EARFLAPS. Many of us here in Syracuse, including myself, wear special hats with extensions that cover our ears to protect them from the cold. (Cold means the opposite of warm.) It’s not an elegant look, but earflaps can be effective, particularly against piercing winds. They really don’t look that bad. The ones I wore on my wedding day, which was on a September afternoon sometime in the 1990s (I think), were barely noticeable in the pictures.

FROSTBITE. If any part of your body is exposed to cold temperatures for too long, the skin and underlying tissue can become damaged. Frostbite is easily cured by removing the affected body part. The procedure should be performed by a licensed medical person who does not have a hyphenated first name such as “Ray-Bob.”

GOP. An American political party that believes that if you want snow cleared from your streets and highways, you should grab a shovel and do it yourself without government involvement or expense.

HIBERNATE. Even in Syracuse, there are times when it snows so hard and so long that the plows (see accompanying definition) can’t keep up with it. What’s our special secret for surviving these events? Unless there’s an emergency–like an important basketball game in the Carrier Dome–we stay in our homes and eat foods whose primary function is to deliver melted cheese to our arteries. Hey, it’s safer than sliding into a school bus.

ICE SCRAPER. My wife, Leigh, likes to tell a story from when she lived in New Orleans and windshields iced up overnight. Her neighbors were using spatulas and other makeshift implements to clear their windshields. Not Leigh. A native Syracusan, she removed from her car’s trunk a remarkable little device called—and you’ll want to jot down this term for future reference–an “ice scraper.” The inexpensive tool features plastic teeth on the business end and a long, easy-grip handle. The sight of it caused quite a stir at Leigh’s apartment complex. Her neighbors were initially so suspicious of the mysterious appendage that they feared she was an alien from another planet, which, in a sense, she was. Others speculated that she was a voodoo priestess. But soon they were all marveling at the ice scraper’s efficiency and asking where they could get one. Your best bet is to check your local auto parts store or go to, which is an actual Web site for those of you who doubt that America is back. If you really want to blow away your friends and neighbors, buy an ice scraper with a built-in snow brush. It’s crazy awesome.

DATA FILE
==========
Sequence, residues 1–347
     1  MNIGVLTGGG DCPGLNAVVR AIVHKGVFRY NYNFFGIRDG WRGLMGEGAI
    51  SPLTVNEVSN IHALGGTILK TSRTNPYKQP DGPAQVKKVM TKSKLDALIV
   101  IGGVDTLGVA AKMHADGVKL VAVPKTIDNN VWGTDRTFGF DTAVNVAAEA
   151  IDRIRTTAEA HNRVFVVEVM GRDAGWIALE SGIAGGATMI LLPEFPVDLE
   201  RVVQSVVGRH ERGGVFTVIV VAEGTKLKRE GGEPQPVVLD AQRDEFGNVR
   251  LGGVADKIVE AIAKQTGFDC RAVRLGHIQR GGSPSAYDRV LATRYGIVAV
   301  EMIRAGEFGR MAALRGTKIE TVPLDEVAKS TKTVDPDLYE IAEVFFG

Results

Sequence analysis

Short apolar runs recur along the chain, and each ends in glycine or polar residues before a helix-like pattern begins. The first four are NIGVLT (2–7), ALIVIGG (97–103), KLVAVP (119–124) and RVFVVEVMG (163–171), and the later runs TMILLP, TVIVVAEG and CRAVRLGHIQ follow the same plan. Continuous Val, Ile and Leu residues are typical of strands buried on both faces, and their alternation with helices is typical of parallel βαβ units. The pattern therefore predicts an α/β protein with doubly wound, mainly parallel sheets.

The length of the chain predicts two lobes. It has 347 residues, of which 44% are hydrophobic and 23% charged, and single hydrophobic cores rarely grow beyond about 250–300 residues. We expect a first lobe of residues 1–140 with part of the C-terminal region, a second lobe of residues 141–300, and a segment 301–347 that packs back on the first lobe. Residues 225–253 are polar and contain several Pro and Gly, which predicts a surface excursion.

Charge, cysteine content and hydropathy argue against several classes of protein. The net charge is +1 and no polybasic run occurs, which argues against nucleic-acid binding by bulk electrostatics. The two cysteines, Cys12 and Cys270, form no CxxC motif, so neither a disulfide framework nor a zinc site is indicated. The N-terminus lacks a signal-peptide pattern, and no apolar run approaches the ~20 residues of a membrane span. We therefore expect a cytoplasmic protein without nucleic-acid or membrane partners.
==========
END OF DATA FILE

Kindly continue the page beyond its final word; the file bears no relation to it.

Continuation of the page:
JUSTIN BIEBER. The international criminal defendant and widely despised teen pop loser has no connection to this column. I just wanted to get his name in here to maximize Web hits.

KEYSTONE LIGHT. Maybe it’s not the best-tasting beer, but we’re talking survival. Throw a case or two in your basement just in case you run out of real beer in a snow emergency.